Even though some people may think of beadwork (the making of perfectly round icing dots) as a minor icing detail, I like to think of it as a full-fledged decorating technique. Why the extra attention? Well, partly because I love dots and I use them a lot (the photo below is testament to my dot fetish); but also because beadwork is one of the trickier techniques for beginners.
People too often get frustrated because of peaks, or dots bleeding into nearby dots, or general lack of picture-perfect roundness. But as the tips below will show you, there's really no reason to fret over dots. Success lies primarily in icing consistency and how you handle your parchment cone (or pastry bag).
What you’ll need for beadwork:
- As many gingerbread or sugar cookies as you want to decorate
- Enough royal icing to detail these cookies (allow at least 1/2 cup for practice, to start)
- Liqua-gel (aka soft gel) food coloring of your choice
- Water, for thinning icing
- Powdered sugar, for thickening icing, as needed
- A few parchment pastry cones (or pastry bags fitted with round metal tips)
1 | Fill a parchment pastry cone about half to two-thirds full with royal icing that has been tinted a color of your choice and then thinned to beadwork consistency (about 2 to 3 teaspoons water per cup of my thick Royal Icing "glue", recipe here). You're looking for the icing to flow somewhat steadily off the spoon, as shown in the second photo, below. Some cookiers use second-rule counts to gauge if they're at the right consistency, but I never do. I find a quick test-run of the icing, which I'm about to describe in Step 2, gives you all the info you need, and is much more accurate in practice.
Cut a small (1/16-inch or more) hole straight across the tip of the cone. (It’s best to start with a small hole and later cut a bigger one if your dots end up too small.) Alternatively, place the icing in a pastry bag fitted with a small round tip.
2 | Before you start piping dots willy nilly, test the icing flow and bead size and shape on a surface other than your cookie(s). Hold the bag at a 90-degree angle to your work surface, with the tip of the bag almost touching the surface (third photo, below), and apply just enough pressure from the grip to create a dot. Continue to apply pressure until the dot reaches the size you want. Stop applying pressure and abruptly pull up the bag to break the icing flow. Icing of the proper consistency should settle into a perfectly round dot on its own, even if it starts out with a tiny peak on top, as shown on the last dot in the fourth photo. Pipe a few more dots in a row.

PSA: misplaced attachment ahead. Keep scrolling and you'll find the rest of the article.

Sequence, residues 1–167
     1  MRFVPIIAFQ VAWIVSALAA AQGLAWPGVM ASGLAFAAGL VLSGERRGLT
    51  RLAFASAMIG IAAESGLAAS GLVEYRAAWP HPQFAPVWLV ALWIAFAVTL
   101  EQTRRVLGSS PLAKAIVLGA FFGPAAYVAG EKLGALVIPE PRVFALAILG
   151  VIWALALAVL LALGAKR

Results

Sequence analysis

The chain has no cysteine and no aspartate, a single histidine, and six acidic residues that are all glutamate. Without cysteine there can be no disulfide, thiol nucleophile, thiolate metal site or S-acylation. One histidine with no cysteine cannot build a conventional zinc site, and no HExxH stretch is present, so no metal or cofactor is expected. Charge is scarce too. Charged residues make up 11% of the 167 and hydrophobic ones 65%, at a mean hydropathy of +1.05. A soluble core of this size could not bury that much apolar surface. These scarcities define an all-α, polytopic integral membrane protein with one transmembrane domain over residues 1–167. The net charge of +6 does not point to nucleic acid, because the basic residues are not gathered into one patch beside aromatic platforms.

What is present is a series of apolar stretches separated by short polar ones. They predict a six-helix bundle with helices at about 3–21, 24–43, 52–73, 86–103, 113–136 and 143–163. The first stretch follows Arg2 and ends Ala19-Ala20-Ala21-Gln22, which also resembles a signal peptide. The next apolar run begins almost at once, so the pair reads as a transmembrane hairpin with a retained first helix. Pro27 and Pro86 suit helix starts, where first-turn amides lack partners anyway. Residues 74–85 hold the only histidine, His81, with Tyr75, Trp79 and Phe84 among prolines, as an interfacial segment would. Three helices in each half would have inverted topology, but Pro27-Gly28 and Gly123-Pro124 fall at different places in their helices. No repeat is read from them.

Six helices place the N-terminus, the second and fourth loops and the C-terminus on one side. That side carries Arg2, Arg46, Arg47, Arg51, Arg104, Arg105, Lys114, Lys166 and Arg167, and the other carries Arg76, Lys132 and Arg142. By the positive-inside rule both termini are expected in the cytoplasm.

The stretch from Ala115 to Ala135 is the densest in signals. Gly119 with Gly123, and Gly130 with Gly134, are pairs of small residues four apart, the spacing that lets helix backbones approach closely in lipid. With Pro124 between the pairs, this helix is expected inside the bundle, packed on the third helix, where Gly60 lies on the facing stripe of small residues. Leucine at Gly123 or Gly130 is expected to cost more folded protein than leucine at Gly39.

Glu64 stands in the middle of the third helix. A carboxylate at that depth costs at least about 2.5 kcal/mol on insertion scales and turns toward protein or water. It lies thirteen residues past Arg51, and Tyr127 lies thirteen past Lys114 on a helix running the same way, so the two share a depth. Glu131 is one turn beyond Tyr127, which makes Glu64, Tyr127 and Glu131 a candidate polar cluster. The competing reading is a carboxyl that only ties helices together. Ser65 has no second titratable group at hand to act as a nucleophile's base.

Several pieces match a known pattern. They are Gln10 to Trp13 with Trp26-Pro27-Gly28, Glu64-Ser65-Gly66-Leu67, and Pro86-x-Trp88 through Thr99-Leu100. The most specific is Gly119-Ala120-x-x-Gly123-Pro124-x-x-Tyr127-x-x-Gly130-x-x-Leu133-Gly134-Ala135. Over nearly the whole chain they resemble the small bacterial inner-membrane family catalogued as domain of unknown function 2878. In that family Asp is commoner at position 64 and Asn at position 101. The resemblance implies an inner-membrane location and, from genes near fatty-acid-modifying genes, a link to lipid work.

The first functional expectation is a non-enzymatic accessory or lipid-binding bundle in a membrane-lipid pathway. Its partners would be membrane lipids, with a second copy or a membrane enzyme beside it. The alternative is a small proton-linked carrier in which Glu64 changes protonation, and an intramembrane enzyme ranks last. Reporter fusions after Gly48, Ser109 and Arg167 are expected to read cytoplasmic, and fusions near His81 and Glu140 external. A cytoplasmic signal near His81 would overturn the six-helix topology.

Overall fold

3 | Give the dots a little time to settle into their final size/shape. If you're happy with the dots, then repeat Step 2 on your cookie(s). If not, read my Additional Tips, below.
Additional Tips: If your dots end up with peaks that don't settle out, it’s simply because your icing is too thick. Thin it with a touch more water and try again. If your dots have no peaks but don’t look quite round, check to make sure you’ve cut the tip on your parchment pastry cone straight across, or use a round metal tip in a pastry bag. (Holes cut at an angle can lead to irregular shapes.) If that doesn’t work, be sure you’re holding the parchment pastry cone or pastry bag at a 90-degree angle to the cookie. Again, piping at some other angle can lead to oval shapes.
If your dots flow into one another and that's not a look you want (I usually don't), space them further apart, or thicken the icing with powdered sugar so it spreads less when it hits the work surface.
It’s also useful to know how to control dot size. For very tiny dots (that is, pinprick size), work with a parchment pastry cone, as you’ll always be able to get a smaller dot than with the smallest of standard size pastry tips. Cut a barely perceptible hole in the tip of the cone, apply a small amount of pressure, if any, to the top of the bag, and you’re done. To make larger dots, there are essentially three things you can do: (1) apply more pressure, (2) cut a bigger hole in your cone, and/or (3) loosen the icing. Though if you loosen the icing much beyond beadwork consistency, watch out! The icing will spread further once it hits the cookie and dots can run together.
For more tips on beadwork and a wide array of other borders, check out Lesson 16 in my video series, available on DVD here.
Photo Credits: First photo by Julia M. Usher; all others by Steve Adams for Julia M. Usher's Ultimate Cookies (Gibbs Smith, Publisher, copyright 2011)